As a devout Catholic convert, she ruled freely over a hybrid court where she no longer observed the restrictions of purdah observed by Hindu and Muslim women of the time. At her sumptuous dinner parties, the orchestra played everything from local tunes to medleys that included “God Save The King”, the anthem of the British monarchy she often rallied against. Another symbol of the peculiarly eclectic and hybrid nature of her court is the church she built in Sardhana. The Basilica of Our Lady of Graces mixes baroque and Mughal motifs uncaring of architectural convention. A classical dome rises from the midst of Mughal squinches decorated with Persian motifs and Christian graves are decorated with the most elaborate marble inlay and arches. Travellers’ tales from the time also tell of three day long Christmas festivities in Sardhana where a High Mass complete with overpowering incense would be followed by a nautch and a display of fireworks and poetry recitals by Sardhana poets.
Keay builds a skilful portrait of a strange but attractive world that embraced a fabulous fluidity of culture and practices presided over by the Begum whose world represented a plurality of beliefs that seems only possible in the Alice in Wonderland like world of late Mughal India. That Farzana, aka Joanna Nobilis, aka Begum Sumru, who smoked her hookah while her European guests enjoyed an after dinner cheroot, was accepted in all her avatars; of houri, warrior queen and almost saint pays testament not only to the unusual lady but the unusual times in which she lived. And Keay’s book is the most vivid account of the most vivid of self-made princesses.
– Pavitra Rajaram, brand custodian, Sarmaya
The Trial by Franz Kafka
One morning, Joseph K is irritated that his breakfast hasn’t arrived at its usual time. The bedroom door opens and he is faced with a strange man he has never seen before. This well suited man informed the innocent Joseph K that he is under arrest for a crime. The grand revelation of said crime never comes, not for us and here’s a catch, not for K. Yet, he is convinced he is innocent and that someone must have slandered him. From then on Joseph K’s life is consumed by bewildering bureaucratic establishments— especially the legal system that exists for the sole reason of self perpetuation. Sounds familiar?
Kafka’s writings weigh heavy on the pointlessness of all bureaucratic institutions, however mighty or small. This ‘way of seeing’ was considered so unique that critics gave it it’s own term, ‘Kafkaesque’. Kafkaesque has as many definitions as there are readers of Kafka, some even claim that they cannot describe Kafkaesque but know it when they see/ hear it. I would give the definition that appeals to me the most- ‘we view something as Kafkaesque when we think life itself is overpowering and undermining us (the protagonist)’.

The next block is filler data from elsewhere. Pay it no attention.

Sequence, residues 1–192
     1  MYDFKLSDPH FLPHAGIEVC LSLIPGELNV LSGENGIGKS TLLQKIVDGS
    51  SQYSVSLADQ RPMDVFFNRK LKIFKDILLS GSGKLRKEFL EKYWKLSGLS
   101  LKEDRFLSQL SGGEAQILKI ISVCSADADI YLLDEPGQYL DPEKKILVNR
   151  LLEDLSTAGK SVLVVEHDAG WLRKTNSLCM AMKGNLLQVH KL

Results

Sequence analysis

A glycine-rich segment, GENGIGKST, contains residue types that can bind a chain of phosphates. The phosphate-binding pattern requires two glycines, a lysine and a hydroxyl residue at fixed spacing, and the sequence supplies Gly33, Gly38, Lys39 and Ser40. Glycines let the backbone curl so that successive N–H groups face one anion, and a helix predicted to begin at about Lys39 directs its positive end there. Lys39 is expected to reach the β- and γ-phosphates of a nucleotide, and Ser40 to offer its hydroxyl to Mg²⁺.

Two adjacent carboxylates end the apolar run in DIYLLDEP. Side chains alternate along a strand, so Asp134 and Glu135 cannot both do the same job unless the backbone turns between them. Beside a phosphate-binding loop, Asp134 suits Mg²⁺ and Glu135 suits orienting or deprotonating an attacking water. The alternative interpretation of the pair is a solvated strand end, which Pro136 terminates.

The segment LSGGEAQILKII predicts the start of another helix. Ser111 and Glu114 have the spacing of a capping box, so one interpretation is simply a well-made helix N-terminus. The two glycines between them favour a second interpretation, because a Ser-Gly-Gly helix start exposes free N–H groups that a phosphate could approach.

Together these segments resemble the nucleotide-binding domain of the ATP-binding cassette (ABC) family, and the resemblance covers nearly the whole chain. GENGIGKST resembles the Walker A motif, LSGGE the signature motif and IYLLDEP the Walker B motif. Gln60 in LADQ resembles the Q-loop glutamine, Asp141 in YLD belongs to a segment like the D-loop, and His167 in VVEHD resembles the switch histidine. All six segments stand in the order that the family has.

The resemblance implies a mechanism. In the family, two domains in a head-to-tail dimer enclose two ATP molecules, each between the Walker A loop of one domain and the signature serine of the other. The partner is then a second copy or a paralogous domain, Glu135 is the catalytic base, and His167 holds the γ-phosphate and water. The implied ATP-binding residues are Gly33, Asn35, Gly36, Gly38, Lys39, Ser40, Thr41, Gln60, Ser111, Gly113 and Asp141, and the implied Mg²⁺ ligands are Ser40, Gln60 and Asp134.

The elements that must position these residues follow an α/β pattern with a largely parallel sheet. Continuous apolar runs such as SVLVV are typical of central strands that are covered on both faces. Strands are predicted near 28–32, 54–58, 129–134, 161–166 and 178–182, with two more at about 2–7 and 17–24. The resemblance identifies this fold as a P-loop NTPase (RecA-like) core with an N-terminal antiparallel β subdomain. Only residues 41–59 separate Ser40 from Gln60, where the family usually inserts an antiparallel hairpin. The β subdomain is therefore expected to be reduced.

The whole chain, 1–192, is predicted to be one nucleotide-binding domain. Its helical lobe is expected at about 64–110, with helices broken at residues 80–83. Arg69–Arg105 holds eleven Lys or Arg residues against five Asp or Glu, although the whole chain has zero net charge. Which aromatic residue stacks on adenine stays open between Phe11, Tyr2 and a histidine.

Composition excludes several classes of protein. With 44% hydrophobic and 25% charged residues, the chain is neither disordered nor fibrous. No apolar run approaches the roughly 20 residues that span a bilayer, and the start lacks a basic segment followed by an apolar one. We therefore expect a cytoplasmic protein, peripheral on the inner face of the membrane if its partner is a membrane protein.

Joseph K, the protagonist of The Trial is arrested in theory only, he remains ‘free’ to conduct business as usual and seek measures of Justice for himself. We quickly find him in a catch 22 situation where justice isn’t an option. Obsessed, K leaves no door unturned in the attempt of proving his innocence. For over a year, he passes through futile expeditions to achieve this goal. While the key of the story is Kafka’s layered commentary on the ‘systems’ that we live in and have lived in. The lock of the story is K himself – a man of admirable persistence, who is a bit too proud to see the futility of his struggles. Stubborn about delivering a speech in his trial, he comes at the problem with the right amount of the ‘wrong’ perspective. It is because of this that he cannot and will not see the futility of his actions, ending up in self destruction.
Since last January, the word Kafkaesque has seen a resurgence in the media. I and a few other Kafka readers believe that the world has always been Kafkaesque. We are and have always been just the right amount of wrong and egotistical to admit the futility of our actions. Though as we sit cooped up in our houses, grinding away at deadlines in the middle of a global pandemic, our nature becomes rather unavoidable.
– Kuhu Kopariha, Curatorial Associate, Sarmaya
Bulbbul, written and directed by Anvita Dutt
In an interview, Tom Sherak, President of the Academy of Motion Picture Arts and Sciences. says, “film is a reflection of society, both present and past. [Film] and it’s innovations sometimes have to catch up to society, but sometimes it leads society too. Movies are stories, movies are people who come up with ideas about something they want to say, something they want to tell someone. Movies are a form of communication and that communication, those stories, come from societies- not just where society is presently and what it’s doing now- but where society has been,” (“The Role of Film in Society”, 2010).